Aurobindo takes top generic spot in Portugal with €135M deal for Generis Farmacêutica
India’s Aurobindo Pharma, which has been building its presence around the world, has struck a new deal to buy a generics manufacturer and plant in Portugal which it says will make it the largest generics manufacturer in that country. Aurobindo will pay about €135 million to buy Generis Farmacêutica and a handful of subsidiaries from Magnum Capital Partners. In addition to producing for the Portuguese market, the Indian drug maker will use the facility to supplement its European production. Generis is projected to have sales of about €64.8 million for 2016. Aurobindo projects that it can extract about €2 million in savings from its combined operations in 2018 and €5 million in 2019.
Valeant unloads Dendreon and skin care brands for $2.1B in turnaround cash
Valeant is using the J.P. Morgan Healthcare Conference to make a big statement about its arduous turnaround, which is largely focused on paying down its $30 billion debt burden. The company announced a couple of long-awaited asset sales that will yield $2.1 billion in cash. Valeant plans to unload its equity interest in cancer drug maker Dendreon, which has had a troubled history of its own, as well as its skincare brands CeraVe, AcneFree and AMBI. Valeant agreed to offload those skincare brands to cosmetics giant L’Oréal for $1.3 billion in cash. The three products have annualized revenues of $168 million, and demonstrates the “progress” Valeant is making “in reshaping our product portfolio and driving value for our shareholders.” The company will use the proceeds to repay debt.
France’s Ipsen strikes $1B deal in big push in U.S. oncology
Ipsen has reached an agreement to buy the underperforming pancreatic cancer drug of U.S.-based Merrimack Pharmaceuticals in a deal that could top $1 billion. Ipsen, which has been building its U.S. presence for several years, will pay Merrimack $575 million in cash when the deal closes, which is expected by the end of the quarter, and up to $450 million in additional milestone payments. For that, Ipsen gets the U.S. rights to current and future uses of Onivyde, as well as the licensing agreement with Shire for rights to the drug outside the U.S. It also gets Merrimack’s U.S. manufacturing operations and will take on about 100 employees, mostly in manufacturing, but also a few commercial employees as well as some in R&D. Ipsen will also add Merrimack’s generic version of ovarian cancer drug Doxil.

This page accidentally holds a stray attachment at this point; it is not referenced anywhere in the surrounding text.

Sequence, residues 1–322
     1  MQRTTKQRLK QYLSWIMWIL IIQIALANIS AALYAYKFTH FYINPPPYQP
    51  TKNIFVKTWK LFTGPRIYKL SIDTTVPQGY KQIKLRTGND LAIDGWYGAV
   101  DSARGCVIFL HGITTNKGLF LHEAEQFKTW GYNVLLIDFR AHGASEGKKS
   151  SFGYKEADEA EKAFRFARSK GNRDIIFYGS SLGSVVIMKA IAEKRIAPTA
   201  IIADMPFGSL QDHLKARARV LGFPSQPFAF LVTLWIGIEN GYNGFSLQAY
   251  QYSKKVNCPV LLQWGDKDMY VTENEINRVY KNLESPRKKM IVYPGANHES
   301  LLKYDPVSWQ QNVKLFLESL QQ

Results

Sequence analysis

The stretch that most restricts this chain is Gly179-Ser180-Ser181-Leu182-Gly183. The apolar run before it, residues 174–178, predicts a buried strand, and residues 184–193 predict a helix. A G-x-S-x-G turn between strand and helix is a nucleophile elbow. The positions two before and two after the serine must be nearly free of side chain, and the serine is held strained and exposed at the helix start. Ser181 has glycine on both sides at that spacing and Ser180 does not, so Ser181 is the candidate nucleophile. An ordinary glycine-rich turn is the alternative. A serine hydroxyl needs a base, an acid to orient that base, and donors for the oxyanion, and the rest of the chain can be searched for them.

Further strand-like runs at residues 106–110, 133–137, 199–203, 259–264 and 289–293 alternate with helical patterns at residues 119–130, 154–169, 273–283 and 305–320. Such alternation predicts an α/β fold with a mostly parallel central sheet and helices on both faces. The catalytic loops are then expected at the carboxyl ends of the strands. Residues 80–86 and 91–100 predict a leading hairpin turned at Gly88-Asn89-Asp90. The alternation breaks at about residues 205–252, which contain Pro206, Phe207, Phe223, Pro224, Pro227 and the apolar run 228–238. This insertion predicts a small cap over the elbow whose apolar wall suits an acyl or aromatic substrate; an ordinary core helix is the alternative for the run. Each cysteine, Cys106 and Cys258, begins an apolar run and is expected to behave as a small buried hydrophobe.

Takeda shells out $5.2B for Ariad, Iclusig and its fledgling med brigatinib
Takeda just snapped up a deal with Ariad Pharmaceuticals, a cancer-focused drug maker with a marketed product to bring in current revenue and a pipeline that offers near-term prospects. In a deal valued at $5.2 billion, Takeda plans to shell out $24 per share for Ariad and its leukemia drug Iclusig and its late-stage ALK-inhibiting lung cancer drug brigatinib, now under priority review at the FDA. With the patent on its blockbuster multiple myeloma med Velcade expiring this year, Takeda reportedly set aside $15 billion last fall to make deals, focusing on cancer, gastrointestinal disorders and neurological diseases. Its new Crohn’s disease drug, Entyvio, has taken off quickly, as has its top seller’s intended successor, Ninlaro, but the company needs more than a couple of products to make up the Velcade difference in the near term. Ariad is an obvious fit with Takeda Oncology, with its expertise in blood cancers and desire to branch out into different forms of the disease.